DAS 2021: Owning an NFT is Like Owning a ‘Piece of Innovation’
Skeptics question why someone would pay a large sum of money for what appears to be a cartoon, but Ikigai Founder Travis Kling described holding the asset similar to “owning a layer of innovation.”
Blockworks exclusive art by Axel Rangel
- Bitwise’s Matt Hougan said NFTs can expand beyond JPEGs of “digital rocks”. NFTs can revolutionize digital property rights
- Ikigai’s Kling believes that NFTs are “highly unlikely to go away” and will be a “major part of everybody’s life”
Digital Asset Summit 2021, New York City — The non-fungible tokens (NFT) craze has taken the world by storm. In recent months, certain NFTs have sold for $69 million, along with their marketplaces such as OpenSea reporting monthly trading volumes of over $3 billion.
Skeptics question why someone would pay a large sum of money for what appears to be a digitized image, but Ikigai Asset Management Founder Travis Kling described holding the asset similar to “owning a layer of innovation” during a panel at the Digital Asset Summit Tuesday.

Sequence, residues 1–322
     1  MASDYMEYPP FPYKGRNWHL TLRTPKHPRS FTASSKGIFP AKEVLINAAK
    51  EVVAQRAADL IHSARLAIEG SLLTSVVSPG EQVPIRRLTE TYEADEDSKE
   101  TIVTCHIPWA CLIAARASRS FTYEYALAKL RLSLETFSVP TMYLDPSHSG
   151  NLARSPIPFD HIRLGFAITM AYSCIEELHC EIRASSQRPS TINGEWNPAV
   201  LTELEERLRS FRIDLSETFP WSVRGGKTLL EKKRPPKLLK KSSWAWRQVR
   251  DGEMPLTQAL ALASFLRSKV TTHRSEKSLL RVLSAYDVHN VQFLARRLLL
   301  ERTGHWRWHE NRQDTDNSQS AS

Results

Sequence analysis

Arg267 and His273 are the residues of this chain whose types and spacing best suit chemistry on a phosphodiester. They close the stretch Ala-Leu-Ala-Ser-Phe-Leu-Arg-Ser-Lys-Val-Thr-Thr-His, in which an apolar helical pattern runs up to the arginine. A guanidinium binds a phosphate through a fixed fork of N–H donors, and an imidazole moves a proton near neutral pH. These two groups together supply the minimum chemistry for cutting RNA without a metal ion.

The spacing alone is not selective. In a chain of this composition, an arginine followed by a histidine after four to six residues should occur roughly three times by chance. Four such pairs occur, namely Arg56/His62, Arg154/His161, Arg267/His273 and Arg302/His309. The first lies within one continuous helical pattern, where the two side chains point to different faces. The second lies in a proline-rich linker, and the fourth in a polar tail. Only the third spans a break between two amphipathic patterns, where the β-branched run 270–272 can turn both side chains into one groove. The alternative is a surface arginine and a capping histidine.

“If you’re heading in that direction, where people are spending more and more time in the digital world, then you’re going to start somewhere [and that’s with NFTs],” Kling said.
In the session, featuring Horizon Kinetics’ Peter Doyle and Grayscale’s David Grider, panelists touched on the future of the asset class as well, discussing its potential capabilities.
Matt Hougan, Chief Investment Officer of Bitwise Asset Management, said NFTs are far more than just “digital rocks”. They can revolutionize digital property rights. “As goofy as [paying] $3 million for a digital rock may seem, these are just the first instantiation of digital property rights,” he said.
Although NFT use cases are most commonly associated with the arts and entertainment industries, the same framework can transfer to healthcare as well. Using NFTs via a decentralized ledger and blockchain networks, holders can track health data like pharmaceutical drugs and blood donations, making tracking medical records potentially faster and more efficient.
“[NFTs] are the beginning of something that I think is highly unlikely to go away. In the future, I believe it’s going to be a major part of everybody’s life,” Kling said.
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